How does crisis negotiation actually work? Dr. Andy Young has both trained and engaged in crisis negotiation for over 20 years. A common thread among these scenarios is the necessity of employing empathy for the counterparty regardless of what they’ve done. He explains why empathy in the face of crises is so impactful in this episode of Negotiations Ninja!
Outline of This Episode
- [2:02] Learn about Dr. Andy Young
- [3:05] The three types of crises Dr. Young sees
- [4:20] Comparing and contrasting business and crisis negotiations
- [8:10] Dr. Young’s approach to crisis situations
- [11:51] Dr. Young’s role in hostage negotiations
- [13:41] The role of power dynamics in hostage negotiations
- [16:58] Mental exercises to reestablish perspective
- [17:58] What to do when it’s clear there isn’t a “win”
- [20:09] The #1 thing the business world can learn
- [22:56] How to get your hands on Dr. Young’s book
Comparing and contrasting business and crisis negotiations
In the crisis world, there is no foundation of value generation and trust. The people being negotiated with are often irrational, and crisis negotiations tend to be adversarial.
In both crisis and business negotiations, each negotiator is working with someone different from them. While less extreme in the business world, the commonality is that two different perspectives have to work together. So you have to work to understand each other.
Crisis negotiators have developed empathy that you don’t typically see in business negotiations. Empathy is required to gain any traction. In the business world, you can create a relationship over time (through conversations, meals, activities, etc.). But in the crisis world, rapport-building must happen instantly.
Dr. Young does on-scene crisis counseling. It’s not unusual for him to get a call at 3 am to walk into a stranger’s house on the worst day of their lives. Every person in that horrible circumstance needs something different. You have to connect with the individual based on where they are.
In the business world, a relationship built over time sets the foundation for what you’re trying to accomplish. In crisis negotiations, that timeline must be accelerated. You don’t have shared experiences. You are simply sharing that moment with them and figuring out your role.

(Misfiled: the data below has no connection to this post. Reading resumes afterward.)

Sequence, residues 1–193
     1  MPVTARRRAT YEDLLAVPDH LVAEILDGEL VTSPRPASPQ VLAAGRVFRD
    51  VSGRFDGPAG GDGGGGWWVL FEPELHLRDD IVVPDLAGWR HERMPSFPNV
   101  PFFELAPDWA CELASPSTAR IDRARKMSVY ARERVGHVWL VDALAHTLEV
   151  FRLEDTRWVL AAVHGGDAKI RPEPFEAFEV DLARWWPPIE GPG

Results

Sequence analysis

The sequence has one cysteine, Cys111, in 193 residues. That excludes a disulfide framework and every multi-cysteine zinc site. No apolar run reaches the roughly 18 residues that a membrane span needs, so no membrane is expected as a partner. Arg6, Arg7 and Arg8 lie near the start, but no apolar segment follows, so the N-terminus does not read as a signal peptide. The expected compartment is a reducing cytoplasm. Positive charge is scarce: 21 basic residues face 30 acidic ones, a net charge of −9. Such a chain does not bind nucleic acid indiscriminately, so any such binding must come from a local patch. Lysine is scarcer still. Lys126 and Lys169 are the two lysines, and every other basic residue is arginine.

Dr. Young’s approach in crisis situations
Dr. Young notes that how you respond depends on the scenario you find yourself navigating. Dr. Young often sits in silence with crisis counseling. In a hostage negotiation, the circumstances drive the conversation.
When he’s involved in a crisis negotiation and speaking with a counterparty, he describes the circumstances as he understands them and asks the other person if they view the situation the same way. The goal is to get on the same page about the current reality.
As they start to unpack their perspective, you have to honor it while trying to find ways to create rapport so they can understand the other perspective. But if you start by sharing your perspective, it rarely works and will backfire quickly.
People may not have the patience to summarize what’s happened before your conversation. But when they can summarize it, it can lead to a conversation and allow you to develop empathy.
The #1 thing the business world can learn from hostage negotiators
Business negotiators tend toward being impatient. We assume that both parties are in it to get to a deal. So when someone acts irrationally, it’s unexpected, which leads to impatience and, inevitably, conflict. Crisis and hostage negotiators have to be patient, which is something that has to be learned.
In their day-to-day life, a patrol officer shows up, fixes whatever problem they’re facing, and moves on to the next problem. If it requires more than that, it’s outside of the norm, and it’s frustrating. So Dr. Young teaches new negotiators to shift their mentality.
Learn more about how crisis negotiators employ empathy in the face of real danger in this episode of Negotiations Ninja.
Resources & People Mentioned
- Episode #120: Learning from Failed Negotiations with Terrorists
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